In their EGM article and guidance on COVID-19 for long-term care facilities (LTCF) Blain et al.  highlighted, in addition to the risks of COVID-19 infection, the negative effects of quarantine on residents. They also emphasized the impact of social isolation on residents’ feelings of loneliness. Loneliness can have both short- and long-term negative effects on older people’s cognition, health, functioning, quality of life, and even mortality . Even before COVID-19, older people’s loneliness in LCTF was surprisingly common . During COVID-19, new technology has been identified as a tool for enhancing contacts between older people and their closest ones. Prior to COVID-19, group interventions have shown promising results in alleviating loneliness in LTCF .
The well-described group model “Circle of friends” (CoF) was created in Finland to alleviate loneliness and has been tested in a randomized controlled trial . It is claimed to be the only effective form of intervention for the physiological mechanisms and health outcomes of loneliness . It has been disseminated via a training model to facilitators, who have implemented it among older people suffering from loneliness. It has been widely disseminated in Finland over the last 15 years by the Finnish Association for the Welfare of Older People (FAWOP). More than 10,000 lonely older people have participated in these groups and about 1000 professionals have been trained as facilitators. The feasibility of CoF in LTCFs has been explored, and the model has also been exported to some other countries.
At the beginning of the COVID-19 pandemic, FAWOP started to modify the original CoF model into online groups. In the pilot phase, the online CoF groups met on an electronic platform which was easy and safe to use. The online version of CoF retained the elements of the original group model. We emphasize that these group sessions are targeted toward older people who admit they are suffering from loneliness and are motivated to participate. The main idea is to value older people’s active agency and to empower them to take mastery over their own lives and to gradually take responsibility for their own CoF group. A properly facilitated group process and group dynamics are used as means to guide the older people to confront their loneliness, meet their peers in the group, and continue group meetings of their own without the facilitators.
After the first four online groups, we interviewed the participants (n = 15, two men, aged 70 − 86) to find out about their experiences and the feasibility of this modified model. Content analysis of the transcribed interviews revealed that the group participants felt their loneliness had been alleviated during the COVID-19 lockdown. They were pleased to see how easy it was for the group to meet online. One person summarized the experience:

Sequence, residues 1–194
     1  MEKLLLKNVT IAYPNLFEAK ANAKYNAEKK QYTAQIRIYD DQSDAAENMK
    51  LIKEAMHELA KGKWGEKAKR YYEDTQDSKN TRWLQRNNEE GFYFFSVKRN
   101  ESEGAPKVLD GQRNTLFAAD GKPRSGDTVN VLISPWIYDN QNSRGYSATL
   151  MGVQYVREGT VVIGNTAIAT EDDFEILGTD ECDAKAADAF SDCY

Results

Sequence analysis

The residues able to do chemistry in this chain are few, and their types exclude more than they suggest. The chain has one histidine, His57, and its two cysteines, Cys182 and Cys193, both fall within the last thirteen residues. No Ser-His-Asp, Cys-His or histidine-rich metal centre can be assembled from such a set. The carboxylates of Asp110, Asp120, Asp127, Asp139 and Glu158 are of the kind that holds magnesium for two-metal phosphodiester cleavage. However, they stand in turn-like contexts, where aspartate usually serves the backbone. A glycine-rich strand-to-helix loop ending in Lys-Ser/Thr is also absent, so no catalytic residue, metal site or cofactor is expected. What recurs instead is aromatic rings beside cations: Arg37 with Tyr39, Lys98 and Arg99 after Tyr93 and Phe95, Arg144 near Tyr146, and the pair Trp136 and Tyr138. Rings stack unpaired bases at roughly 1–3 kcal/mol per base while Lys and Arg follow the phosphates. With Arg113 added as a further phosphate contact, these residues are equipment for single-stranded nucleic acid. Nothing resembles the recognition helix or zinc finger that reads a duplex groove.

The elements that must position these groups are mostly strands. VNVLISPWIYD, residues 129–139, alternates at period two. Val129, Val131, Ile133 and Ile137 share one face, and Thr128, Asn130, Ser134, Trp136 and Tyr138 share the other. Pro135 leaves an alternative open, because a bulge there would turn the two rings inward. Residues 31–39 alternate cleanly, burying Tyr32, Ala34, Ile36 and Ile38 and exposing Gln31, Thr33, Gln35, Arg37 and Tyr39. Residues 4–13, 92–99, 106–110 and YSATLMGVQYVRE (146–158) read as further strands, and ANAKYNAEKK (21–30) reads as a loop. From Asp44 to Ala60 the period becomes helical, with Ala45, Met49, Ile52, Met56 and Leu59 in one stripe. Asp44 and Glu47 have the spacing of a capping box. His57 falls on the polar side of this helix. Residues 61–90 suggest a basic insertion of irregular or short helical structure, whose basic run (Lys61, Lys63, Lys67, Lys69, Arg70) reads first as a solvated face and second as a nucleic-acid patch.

“This is like having a coffee break at the same table, even if we are separated from each other”.
Another person described it as follows:
“We were all so confused by the news flood…about what this (COVID-19) means for us and the nation and the planet as a whole − these were big questions. It was good that the group was launched quickly when everyone had big questions in their heads. The group started at exactly the right time. My loneliness has been alleviated. I look forward to our next meetings”.
After the facilitated group process, the participants can continue their group meetings independently. Of the first online groups, all the participants have kept in touch with each other independently. The online meeting room was free of charge to the participants. They could use WhatsApp or call each other. Before and after COVID-19, participants were encouraged to meet and greet each other face-to-face. Of the face-to-face groups, 67% continued meetings on their own after the facilitated three-month period . The independently continuing face-to-face groups have developed creative solutions to keep in touch with each other during the COVID-19 quarantine, for example, visiting virtual museums. Online CoF groups have been further disseminated via online training of facilitators.
However, recruiting people for the online groups is challenging. Many older people cannot get started on their own and have difficulties or feel uncertain about joining online meetings, even if they have used the internet for other purposes. It is important to note that technology usage is a two-way phenomenon in older people’s lives, having both pull and push factors, simultaneously promoting and discouraging commitment to technology . In LTCF during the COVID-19 lockdown, staff could help residents communicate with each other in an online group format. For example, large screens and easy-to-use online platforms could be important tools for facilitating peer communication and alleviating loneliness.
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Conflict of interest
On behalf of all authors, the corresponding author states that there is no conflict of interest.
The study was approved by the local ethics committee and has therefore been performed in accordance with the ethical standards laid down in the 1964 Declaration of Helsinki and its later amendments.
Informed consent was obtained from all the participants.
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Jansson, A., Pitkälä, K. Loneliness is a serious risk in COVID-19 lockdown. Eur Geriatr Med (2021). https://doi.org/10.1007/s41999-021-00466-8